Since this is a dog blog, a couple of times a month our boy Bo (woof!) thought it would be nice to get the news through a dog’s eyes.
Bo invites everyone to read a chapter from his upcoming book BAD TO THE BONE at Bo Knows Online. It’s a funny memoir about the crazy adventures we have shared together over the last 14 plus years, told through Bo’s eyes.
Okay Bo, take it from here…..
Today’s story: not weird, not crazy just another reason to love us four legged, fuzzy creatures.
That’s right, not only are we adorable, non-judgmental and eager to please, but now we’re also getting into the human healthcare game.
Turns out our noses are life savers. No, not the green, red or yellow variety but the soul saving kind. A sniff here and a sniff there and we can tell whether a diabetic’s blood sugar falls to a dangerous level.
Of course it is at this point the true test of being man’s best friend comes into play. Ask yourself, are you going to give up that Butterfinger bar in your fur suit to save that human?
While you decide, Reuters has the details on the research.
AYLESBURY, England (Reuters) – Dogs are being trained in Britain as potential life-savers to warn diabetic owners when their blood sugar levels fall to dangerously low levels.
Man’s best friend already has been shown capable of sniffing out certain cancer cells, and dogs have long been put to work in the hunt for illegal drugs and explosives.
Their new front-line role in diabetes care follows recent evidence suggesting a dog’s hyper-sensitive nose can detect tiny changes that occur when a person is about to have a hypoglycemic attack.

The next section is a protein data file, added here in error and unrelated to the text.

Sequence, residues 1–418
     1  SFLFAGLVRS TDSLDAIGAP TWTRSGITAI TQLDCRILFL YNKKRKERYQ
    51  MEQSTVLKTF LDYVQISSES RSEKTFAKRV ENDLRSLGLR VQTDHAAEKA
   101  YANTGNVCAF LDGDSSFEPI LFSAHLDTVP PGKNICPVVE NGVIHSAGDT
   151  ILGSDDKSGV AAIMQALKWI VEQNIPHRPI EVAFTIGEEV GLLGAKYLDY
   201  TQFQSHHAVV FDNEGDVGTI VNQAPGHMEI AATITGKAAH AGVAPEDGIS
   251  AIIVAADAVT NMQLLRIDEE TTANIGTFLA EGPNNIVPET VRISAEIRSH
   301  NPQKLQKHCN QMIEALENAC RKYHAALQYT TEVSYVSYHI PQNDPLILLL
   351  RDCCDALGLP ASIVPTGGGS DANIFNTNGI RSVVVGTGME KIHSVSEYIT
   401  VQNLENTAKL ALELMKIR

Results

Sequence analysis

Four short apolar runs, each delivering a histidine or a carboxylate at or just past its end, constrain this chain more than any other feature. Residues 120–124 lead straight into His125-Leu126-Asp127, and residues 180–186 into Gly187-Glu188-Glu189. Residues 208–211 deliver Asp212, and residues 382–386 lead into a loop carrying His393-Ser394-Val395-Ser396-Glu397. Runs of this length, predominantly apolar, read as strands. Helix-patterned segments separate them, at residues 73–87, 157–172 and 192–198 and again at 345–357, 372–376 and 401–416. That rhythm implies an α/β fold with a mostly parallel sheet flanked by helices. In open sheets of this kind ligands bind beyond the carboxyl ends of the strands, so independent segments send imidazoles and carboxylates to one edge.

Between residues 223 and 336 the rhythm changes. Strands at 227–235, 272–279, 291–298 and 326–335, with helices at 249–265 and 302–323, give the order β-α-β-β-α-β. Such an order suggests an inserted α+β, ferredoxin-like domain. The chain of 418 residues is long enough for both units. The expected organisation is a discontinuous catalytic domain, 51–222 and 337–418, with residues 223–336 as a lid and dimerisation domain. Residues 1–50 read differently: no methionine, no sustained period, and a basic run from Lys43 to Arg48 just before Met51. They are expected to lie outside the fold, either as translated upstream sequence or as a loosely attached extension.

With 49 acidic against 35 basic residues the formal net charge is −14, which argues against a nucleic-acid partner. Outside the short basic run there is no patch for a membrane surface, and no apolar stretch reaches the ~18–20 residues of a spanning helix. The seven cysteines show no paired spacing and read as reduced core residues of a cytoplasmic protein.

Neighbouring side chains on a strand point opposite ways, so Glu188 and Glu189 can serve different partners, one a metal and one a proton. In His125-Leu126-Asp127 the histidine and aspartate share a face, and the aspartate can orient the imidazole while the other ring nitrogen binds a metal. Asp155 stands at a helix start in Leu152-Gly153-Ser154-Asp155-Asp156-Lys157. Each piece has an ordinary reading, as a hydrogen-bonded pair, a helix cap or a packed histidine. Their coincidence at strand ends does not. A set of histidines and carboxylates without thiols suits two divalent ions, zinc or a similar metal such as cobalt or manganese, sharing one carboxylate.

A survey last December by researchers at Queen’s University Belfast found 65 percent of 212 people with insulin-dependent diabetes reported that when they had a hypoglycemic episode their pets had reacted by whining, barking, licking or some other display.
The move into diabetes followed the case of Paul Jackson, who told Guest and her team about his dog Tinker who warns him when his sugar levels get too low and he is in danger of collapsing.
“It’s generally licking my face, panting beside me. It depends how far I have gone before he realizes,” Jackson said.
Tinker has now been trained by the Aylesbury center and is a fully qualified Diabetic Hypo-Alert dog, complete with red jacket to announce himself as a working assistance animal.
The center is continuing work to perfect dogs’ ability in spotting signs of cancer. But while dog-lover Guest says it would be nice to have a dog in every doctor’s office to screen for disease, ultimately that is not practical.
Instead, she hopes the research will lead to the invention of an electronic nose that will mimic a dog’s.
Good luck with that electronic nose idea. The only one I’ve ever seen was the one on the patient in the game of Operation, and even then it only lit up when I tried to get the funny bone out too quickly with my big mitts. Woof !
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